James Menzies

James Menzies

James Menzies is editor of Today's Trucking. He has been covering the Canadian trucking industry for more than 18 years and holds a CDL. Reach him at james@newcom.ca or follow him on Twitter at @JamesMenzies.
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27 Comments » for Boiling point
  1. Dave Walker says:

    Not sure who this MTO spokesperson is but probably just another burocrat that has no idea about what he is saying. The TEO workforce is a dedicated group of law enforcement officers that enjoy their work and are dedicated to public safety.

    Unfortunately management is a bunch of self-serving clowns that couldn’t care less about public safety.

    And yes, managers always get significant raises!!

    • Frances says:

      Actually, that is untrue. We had an MTO officer say the exact same thing during an investigation four years ago after a car crossed the lane in front of one of our trucks, successfully committing suicide. They are also encouraged to avoid “New Canadians’ because too much time is wasted in the judicial process because they plead discrimination.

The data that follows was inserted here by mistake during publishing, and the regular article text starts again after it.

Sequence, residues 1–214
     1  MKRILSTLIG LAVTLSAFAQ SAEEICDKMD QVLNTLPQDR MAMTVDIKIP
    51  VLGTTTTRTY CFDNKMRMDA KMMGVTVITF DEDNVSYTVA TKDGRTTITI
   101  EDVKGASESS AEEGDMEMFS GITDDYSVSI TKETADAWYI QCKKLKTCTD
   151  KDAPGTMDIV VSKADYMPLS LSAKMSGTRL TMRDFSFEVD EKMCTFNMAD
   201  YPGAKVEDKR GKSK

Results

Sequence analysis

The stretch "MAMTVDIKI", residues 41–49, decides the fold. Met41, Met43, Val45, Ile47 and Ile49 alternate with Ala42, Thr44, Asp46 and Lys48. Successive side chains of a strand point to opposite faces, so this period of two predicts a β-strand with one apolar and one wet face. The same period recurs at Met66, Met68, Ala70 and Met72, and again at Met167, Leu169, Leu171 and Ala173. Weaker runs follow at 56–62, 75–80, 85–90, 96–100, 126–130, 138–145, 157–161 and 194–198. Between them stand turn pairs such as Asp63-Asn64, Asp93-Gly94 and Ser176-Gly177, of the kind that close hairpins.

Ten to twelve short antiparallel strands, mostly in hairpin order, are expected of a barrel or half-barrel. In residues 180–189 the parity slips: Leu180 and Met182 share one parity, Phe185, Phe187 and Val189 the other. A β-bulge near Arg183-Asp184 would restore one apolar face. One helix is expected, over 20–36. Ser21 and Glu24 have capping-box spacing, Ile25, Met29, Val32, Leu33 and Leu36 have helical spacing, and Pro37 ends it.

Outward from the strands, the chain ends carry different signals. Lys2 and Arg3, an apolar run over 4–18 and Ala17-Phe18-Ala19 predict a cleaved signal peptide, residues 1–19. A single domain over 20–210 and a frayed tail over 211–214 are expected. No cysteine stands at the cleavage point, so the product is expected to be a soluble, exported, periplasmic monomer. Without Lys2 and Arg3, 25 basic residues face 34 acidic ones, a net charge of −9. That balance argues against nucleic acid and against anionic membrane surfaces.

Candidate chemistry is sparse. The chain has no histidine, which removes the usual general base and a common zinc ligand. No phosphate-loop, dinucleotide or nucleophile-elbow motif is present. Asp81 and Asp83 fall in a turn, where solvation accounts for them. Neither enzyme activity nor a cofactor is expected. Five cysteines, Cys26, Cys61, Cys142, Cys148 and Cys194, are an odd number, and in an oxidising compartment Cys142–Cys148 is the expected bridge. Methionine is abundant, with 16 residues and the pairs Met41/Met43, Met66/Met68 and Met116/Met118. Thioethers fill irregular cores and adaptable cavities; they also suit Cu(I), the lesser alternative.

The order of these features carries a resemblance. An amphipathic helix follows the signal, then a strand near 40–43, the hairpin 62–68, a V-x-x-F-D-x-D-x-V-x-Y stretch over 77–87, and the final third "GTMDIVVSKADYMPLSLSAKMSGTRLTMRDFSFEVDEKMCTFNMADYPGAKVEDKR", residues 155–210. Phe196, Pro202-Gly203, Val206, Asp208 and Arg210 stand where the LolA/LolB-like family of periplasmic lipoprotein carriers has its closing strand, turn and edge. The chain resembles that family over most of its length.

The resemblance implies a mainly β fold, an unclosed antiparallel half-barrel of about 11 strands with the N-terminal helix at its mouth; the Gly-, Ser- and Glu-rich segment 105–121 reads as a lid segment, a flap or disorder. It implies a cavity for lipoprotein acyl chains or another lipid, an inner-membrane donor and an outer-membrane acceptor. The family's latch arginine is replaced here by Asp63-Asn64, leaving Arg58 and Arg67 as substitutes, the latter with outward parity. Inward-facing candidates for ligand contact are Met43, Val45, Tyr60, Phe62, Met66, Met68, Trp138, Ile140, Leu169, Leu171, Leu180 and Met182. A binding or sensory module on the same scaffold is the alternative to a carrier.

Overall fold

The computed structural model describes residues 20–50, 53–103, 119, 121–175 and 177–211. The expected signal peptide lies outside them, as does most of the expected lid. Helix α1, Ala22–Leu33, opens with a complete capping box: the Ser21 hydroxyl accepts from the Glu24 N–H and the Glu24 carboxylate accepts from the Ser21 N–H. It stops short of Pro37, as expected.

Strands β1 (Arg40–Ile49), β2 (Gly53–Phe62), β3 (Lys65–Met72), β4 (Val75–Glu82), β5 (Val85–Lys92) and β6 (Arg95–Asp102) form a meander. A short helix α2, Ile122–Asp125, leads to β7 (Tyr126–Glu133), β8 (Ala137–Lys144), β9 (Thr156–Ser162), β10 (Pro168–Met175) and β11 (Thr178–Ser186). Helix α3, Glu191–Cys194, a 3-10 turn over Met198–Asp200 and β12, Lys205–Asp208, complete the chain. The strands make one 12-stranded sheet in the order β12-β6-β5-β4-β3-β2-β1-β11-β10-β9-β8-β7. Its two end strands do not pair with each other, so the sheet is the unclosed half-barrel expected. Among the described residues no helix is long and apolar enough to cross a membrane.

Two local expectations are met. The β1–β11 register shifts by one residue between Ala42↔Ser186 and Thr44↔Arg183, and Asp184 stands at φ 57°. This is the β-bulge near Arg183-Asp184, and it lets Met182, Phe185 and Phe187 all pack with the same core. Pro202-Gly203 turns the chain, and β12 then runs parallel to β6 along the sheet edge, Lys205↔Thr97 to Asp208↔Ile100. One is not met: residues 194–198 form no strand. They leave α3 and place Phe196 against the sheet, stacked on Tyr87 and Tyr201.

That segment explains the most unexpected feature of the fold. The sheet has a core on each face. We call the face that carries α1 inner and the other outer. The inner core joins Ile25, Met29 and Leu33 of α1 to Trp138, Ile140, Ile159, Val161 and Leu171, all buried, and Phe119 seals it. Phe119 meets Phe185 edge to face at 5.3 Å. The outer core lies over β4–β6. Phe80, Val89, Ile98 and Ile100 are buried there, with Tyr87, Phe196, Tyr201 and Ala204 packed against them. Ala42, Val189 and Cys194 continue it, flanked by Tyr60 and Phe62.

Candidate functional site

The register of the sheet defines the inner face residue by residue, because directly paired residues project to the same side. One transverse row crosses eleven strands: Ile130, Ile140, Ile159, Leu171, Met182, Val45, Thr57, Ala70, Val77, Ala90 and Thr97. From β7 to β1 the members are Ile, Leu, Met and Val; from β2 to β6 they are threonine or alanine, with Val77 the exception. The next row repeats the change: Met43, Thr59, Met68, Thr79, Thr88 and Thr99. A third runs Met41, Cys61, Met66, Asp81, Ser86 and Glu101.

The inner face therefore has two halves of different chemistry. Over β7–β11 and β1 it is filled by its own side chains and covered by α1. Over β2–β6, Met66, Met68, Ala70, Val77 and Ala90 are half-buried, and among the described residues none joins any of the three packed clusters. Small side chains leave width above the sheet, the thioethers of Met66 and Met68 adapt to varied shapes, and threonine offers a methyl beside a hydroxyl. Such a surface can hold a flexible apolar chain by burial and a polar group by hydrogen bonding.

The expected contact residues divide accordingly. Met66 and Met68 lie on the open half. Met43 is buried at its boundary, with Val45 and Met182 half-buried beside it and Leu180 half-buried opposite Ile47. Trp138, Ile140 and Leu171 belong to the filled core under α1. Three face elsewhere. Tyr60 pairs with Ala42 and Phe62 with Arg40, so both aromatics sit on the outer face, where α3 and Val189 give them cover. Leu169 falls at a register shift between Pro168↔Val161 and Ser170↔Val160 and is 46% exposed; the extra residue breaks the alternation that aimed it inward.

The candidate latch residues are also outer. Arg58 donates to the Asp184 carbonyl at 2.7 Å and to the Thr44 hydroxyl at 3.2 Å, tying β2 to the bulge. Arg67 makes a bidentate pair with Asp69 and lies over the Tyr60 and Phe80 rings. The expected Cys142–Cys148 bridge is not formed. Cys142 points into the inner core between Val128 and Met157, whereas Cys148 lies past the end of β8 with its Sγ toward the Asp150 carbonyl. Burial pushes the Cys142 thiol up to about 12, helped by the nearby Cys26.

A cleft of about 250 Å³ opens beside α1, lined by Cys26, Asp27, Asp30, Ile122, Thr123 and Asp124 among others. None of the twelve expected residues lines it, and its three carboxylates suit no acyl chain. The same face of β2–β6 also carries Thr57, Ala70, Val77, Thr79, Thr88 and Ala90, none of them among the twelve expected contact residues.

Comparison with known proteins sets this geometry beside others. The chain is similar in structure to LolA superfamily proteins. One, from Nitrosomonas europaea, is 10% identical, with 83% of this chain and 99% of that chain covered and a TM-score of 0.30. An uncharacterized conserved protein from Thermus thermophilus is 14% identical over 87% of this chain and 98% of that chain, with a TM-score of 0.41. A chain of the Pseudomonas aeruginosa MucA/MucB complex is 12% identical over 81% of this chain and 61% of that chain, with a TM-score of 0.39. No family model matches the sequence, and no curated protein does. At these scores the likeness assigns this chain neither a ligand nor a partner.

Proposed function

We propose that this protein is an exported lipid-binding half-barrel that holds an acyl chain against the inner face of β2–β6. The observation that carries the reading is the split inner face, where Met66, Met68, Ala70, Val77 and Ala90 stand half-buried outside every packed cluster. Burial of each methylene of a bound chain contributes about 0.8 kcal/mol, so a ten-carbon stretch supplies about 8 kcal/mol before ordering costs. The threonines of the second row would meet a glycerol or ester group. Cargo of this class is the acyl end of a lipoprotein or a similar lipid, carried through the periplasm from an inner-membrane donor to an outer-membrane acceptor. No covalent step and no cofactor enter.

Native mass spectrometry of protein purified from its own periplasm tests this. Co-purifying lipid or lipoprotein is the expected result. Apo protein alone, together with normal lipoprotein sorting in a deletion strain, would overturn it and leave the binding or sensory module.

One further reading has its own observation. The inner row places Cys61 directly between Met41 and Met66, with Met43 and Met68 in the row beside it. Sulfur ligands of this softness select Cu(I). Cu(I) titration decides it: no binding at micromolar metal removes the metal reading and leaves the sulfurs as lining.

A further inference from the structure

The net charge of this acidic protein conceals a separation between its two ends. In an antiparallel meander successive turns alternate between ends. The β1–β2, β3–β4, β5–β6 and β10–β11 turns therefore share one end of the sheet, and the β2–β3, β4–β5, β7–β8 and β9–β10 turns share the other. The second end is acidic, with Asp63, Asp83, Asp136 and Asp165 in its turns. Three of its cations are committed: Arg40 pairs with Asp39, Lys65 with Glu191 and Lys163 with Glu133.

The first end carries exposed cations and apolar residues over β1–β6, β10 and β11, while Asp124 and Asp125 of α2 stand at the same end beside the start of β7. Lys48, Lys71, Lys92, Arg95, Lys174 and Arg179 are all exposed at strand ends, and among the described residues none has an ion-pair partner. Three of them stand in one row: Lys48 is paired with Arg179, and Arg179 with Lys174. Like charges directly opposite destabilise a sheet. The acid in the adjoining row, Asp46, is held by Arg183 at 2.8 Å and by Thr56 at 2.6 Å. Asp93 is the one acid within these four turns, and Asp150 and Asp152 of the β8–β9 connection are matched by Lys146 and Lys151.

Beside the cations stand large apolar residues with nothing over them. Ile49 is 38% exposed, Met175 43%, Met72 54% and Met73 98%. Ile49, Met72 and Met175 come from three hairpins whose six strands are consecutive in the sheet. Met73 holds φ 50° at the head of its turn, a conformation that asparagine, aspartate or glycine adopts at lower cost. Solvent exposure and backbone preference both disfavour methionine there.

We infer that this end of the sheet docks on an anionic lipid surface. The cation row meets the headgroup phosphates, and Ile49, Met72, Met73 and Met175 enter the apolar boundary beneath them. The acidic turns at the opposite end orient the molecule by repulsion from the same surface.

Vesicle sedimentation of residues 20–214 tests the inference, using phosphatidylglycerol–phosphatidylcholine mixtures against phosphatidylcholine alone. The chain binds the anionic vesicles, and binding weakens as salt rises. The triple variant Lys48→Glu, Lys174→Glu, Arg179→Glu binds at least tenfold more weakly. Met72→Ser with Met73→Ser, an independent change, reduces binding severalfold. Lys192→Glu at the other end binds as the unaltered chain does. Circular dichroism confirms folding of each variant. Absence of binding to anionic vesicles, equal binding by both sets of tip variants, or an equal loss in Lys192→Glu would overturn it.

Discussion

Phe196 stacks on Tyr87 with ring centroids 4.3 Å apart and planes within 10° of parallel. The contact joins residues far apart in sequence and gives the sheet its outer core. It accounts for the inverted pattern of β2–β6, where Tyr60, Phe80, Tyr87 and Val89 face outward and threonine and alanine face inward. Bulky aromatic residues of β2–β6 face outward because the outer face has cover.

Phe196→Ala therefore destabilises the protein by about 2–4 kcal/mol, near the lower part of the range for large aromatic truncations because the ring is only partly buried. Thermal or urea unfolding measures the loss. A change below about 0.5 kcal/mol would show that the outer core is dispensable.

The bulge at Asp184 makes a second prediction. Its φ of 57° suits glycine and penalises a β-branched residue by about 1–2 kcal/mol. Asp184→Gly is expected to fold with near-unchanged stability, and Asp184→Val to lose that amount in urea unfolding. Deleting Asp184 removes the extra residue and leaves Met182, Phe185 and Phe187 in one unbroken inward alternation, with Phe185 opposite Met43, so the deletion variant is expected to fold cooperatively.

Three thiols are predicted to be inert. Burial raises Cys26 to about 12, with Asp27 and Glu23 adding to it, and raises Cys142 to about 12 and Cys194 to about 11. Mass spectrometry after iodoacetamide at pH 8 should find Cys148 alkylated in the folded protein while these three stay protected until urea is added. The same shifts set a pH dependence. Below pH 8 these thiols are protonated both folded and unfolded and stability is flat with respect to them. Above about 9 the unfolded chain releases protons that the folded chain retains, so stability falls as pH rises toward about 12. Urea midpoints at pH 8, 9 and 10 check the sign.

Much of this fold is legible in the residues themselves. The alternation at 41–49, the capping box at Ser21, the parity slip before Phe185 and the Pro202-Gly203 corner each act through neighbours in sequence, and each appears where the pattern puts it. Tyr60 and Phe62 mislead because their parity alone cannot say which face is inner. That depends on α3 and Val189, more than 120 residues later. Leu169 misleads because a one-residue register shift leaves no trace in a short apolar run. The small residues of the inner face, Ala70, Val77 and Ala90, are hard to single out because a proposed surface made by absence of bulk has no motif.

2. Calvin Bradfield says:

    For the sake of clarity, I would like to point out that TEO’s do not get performance bonuses. I believe that is a perk reserved for management.

  3. Patrick says:

    So they want guns now?

  4. DaveP65 says:

    This is when I miss the old days. The putnam north has been replaced twice since I’ve been driving. it was a brick shack the same size as bowmanville north. The officers didnt wear flack jackets, equipment belts, or jackboots. The drivers that got busted for stuff were guilty and knew it. There was mutual respect.
    In the last few years my attitude has softened with regard to TEO’s though. The donkeys they deal with are the same guys we have to deal with day in and day out in the centre and left lanes.
    I can barely stand to deal with 1/2 the drivers on the road….i can imagine how they feel. Just don’t put me out of service for an unsecured 5th wheel puller and we’ll get along just fine.